You may wish to see an introductory page to this section with a map first.
Now in the place where Herod beat them (Jewish allies of the Parthians), and killed a great number of them, there he afterward built a citadel, in memory of the great actions he did there, and adorned it with the most costly palaces, and erected very strong fortifications,
and called it, from his own name, Herodium.
Flavius Josephus - The Wars of the Jews - Chapter 13:7 - Translation by William Whiston
Josephus was the leader of the First Jewish Revolt in Galilee and in 67 AD he was captured by Roman general Vespasian who became emperor two years later. Josephus, who had prohesied the event, became an adviser to Titus, Vespasian's son, during the rest of the campaign. He was eventually freed and became a Roman citizen. Consistent with the Roman practice he added to his name that of the gens Flavia, the family of Vespasian and Titus. He then wrote several books on the history of the Jews which were meant for a Roman audience.
View of Herodion
The hill chosen by Herod the Great, King of Judea in 37-4 BC, to build his palace/fortress is a landmark for its unmistakable conic shape, similar to a volcano or a woman's breast, which to some extent is man-made. It stands eight miles south of Jerusalem in the West Bank.
View of the "crater" at the top of the hill
These reasons greatly moved the Senate; at which juncture Antony came in, and told them that it was for their advantage in the Parthian war that Herod should be king; so they all gave their votes for it. And when the Senate was separated, Antony and Caesar (Octavian/Augustus) went out, with Herod between them; while the consul and the rest of the magistrates went before them, in order to offer sacrifices, and to lay the decree in the Capitol. Antony also made a feast for Herod on the first day of his reign. The Wars of the Jews - Chapter 14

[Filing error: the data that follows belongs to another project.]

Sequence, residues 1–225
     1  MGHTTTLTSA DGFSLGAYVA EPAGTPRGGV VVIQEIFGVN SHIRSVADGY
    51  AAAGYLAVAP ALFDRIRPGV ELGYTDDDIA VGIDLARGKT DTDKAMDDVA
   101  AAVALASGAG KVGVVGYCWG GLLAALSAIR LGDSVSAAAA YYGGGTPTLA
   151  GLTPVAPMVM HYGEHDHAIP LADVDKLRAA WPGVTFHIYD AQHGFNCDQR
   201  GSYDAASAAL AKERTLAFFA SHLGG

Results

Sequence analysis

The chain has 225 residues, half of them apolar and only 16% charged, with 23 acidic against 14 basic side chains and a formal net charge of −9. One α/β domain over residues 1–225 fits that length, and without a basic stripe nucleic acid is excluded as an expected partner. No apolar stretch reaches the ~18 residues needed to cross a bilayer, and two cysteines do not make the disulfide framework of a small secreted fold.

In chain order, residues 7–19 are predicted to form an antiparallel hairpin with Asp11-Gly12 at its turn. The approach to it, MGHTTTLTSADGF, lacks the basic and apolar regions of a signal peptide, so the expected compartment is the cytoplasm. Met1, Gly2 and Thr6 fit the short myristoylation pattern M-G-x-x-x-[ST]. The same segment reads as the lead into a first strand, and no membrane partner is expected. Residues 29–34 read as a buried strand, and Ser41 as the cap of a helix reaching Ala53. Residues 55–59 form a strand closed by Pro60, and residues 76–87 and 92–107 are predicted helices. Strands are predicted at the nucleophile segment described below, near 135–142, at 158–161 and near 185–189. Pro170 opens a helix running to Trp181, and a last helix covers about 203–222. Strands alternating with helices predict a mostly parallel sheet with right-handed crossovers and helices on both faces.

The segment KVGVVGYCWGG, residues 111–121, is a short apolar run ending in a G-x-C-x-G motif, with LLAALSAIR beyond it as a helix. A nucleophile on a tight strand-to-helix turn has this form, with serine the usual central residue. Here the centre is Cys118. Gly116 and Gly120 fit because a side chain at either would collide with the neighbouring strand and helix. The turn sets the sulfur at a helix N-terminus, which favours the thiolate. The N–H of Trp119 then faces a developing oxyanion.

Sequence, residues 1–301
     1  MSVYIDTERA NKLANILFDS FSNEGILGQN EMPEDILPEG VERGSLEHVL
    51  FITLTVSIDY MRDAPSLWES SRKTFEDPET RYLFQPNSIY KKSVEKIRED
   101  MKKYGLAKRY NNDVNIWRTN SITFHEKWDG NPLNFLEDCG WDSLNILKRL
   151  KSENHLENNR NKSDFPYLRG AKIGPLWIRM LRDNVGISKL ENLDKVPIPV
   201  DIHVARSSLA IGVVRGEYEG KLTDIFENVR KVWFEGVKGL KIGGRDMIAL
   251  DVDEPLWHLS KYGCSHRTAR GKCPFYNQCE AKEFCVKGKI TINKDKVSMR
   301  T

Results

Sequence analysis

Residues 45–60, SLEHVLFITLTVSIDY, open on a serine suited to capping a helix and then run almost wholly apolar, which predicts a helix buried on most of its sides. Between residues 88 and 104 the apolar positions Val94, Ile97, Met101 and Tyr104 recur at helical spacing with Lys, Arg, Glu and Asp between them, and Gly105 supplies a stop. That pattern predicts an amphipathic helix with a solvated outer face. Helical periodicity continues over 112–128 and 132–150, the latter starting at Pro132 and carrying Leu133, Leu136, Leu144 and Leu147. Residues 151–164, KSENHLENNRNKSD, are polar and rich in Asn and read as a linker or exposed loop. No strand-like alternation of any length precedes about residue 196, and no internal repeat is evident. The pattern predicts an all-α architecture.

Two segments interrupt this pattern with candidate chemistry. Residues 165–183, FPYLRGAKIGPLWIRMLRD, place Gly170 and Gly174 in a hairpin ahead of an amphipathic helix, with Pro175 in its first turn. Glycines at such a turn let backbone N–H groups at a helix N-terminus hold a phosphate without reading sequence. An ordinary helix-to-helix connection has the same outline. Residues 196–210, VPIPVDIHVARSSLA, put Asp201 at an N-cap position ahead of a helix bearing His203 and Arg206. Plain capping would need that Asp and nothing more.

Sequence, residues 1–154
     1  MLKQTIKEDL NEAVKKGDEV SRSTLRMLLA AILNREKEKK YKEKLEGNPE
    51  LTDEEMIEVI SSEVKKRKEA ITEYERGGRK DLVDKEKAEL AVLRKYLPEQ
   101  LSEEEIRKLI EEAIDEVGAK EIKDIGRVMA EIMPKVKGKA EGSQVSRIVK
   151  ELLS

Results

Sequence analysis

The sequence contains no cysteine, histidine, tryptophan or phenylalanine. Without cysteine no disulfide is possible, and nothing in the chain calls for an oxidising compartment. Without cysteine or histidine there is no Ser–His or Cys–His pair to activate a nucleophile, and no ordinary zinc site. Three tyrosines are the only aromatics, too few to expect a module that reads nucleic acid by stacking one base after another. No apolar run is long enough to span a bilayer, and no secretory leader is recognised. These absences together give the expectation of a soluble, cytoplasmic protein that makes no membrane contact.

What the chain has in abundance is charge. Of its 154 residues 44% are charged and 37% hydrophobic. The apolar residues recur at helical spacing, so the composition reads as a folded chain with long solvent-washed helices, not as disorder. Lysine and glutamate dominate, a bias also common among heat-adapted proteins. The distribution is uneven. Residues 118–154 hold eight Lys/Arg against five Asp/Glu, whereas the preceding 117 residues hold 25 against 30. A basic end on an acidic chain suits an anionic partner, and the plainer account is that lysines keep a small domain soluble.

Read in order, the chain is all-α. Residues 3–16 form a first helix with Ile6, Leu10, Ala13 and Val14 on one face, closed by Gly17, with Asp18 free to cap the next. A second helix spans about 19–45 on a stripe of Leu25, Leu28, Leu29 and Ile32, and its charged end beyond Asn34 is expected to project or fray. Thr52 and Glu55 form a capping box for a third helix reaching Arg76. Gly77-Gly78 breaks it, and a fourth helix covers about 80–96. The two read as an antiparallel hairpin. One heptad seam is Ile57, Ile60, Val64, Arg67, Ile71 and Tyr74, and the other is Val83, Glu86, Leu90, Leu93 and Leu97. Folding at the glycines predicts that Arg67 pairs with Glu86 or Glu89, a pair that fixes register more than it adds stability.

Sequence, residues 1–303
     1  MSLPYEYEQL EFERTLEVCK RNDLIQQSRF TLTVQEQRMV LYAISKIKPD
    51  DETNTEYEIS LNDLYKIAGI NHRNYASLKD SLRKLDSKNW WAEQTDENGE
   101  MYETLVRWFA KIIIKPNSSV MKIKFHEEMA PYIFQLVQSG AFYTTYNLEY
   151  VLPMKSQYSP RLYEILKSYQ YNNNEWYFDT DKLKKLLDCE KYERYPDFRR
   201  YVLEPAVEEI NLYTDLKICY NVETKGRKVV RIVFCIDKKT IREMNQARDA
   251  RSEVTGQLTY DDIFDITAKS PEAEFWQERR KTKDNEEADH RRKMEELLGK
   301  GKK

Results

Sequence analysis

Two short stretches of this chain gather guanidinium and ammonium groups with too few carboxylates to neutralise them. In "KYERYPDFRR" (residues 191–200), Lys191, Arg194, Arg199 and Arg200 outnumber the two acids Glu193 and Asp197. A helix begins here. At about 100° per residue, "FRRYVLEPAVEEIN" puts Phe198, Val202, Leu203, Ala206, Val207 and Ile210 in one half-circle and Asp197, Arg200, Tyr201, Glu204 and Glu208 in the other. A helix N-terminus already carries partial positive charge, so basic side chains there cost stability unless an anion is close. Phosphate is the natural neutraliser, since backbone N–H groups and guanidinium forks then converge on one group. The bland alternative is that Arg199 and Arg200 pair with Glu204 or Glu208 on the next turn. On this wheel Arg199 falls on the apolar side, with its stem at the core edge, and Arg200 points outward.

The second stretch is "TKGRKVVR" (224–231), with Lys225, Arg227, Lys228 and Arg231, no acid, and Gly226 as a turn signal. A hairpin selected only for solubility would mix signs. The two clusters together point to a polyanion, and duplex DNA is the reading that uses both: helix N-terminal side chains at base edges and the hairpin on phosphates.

Herod owed his kingdom to the way he managed to be supported by the key political leaders of Rome. His early career was due to the patronage of Cassius, one of the leaders of the conspiracy against Caesar; he was made King of Judea mainly thanks to Antony and he retained his kingdom by becoming a close friend of Agrippa, Augustus' son-in-law (you may wish to read a page on this period of Roman history).
Reconstructions of the palace/fortress (left) and of the mausoleum (right)
The first excavations were carried out in 1962 and they gradually revealed the structure of the palace/fortress.
It was protected by four round towers one of which had a greater size; the circular shape of the complex housed a rectangular courtyard which was in the shade almost all day, thus leading archaeologists to think that the palace was used as a summer residence. The model of the palace/fortress is very much based on the actual evidence of the ruins.
In May 2007 Professor Ehud Netzer reported the discovery of the base of a mausoleum. Its model is therefore hypothetical and is based on other ancient mausoleums such as Gumuskusen Mausoleum at Mylas and the tombs in the Kidron Valley outside Jerusalem.
Courtyard of the palace
The main building was structured around a long courtyard. Its columns were made up of limestone and then they were plastered and painted. The capitals were of the Corinthian order, but because the limestone is less workable than marble their decoration did not project much, as you can see in the image used as background for this page.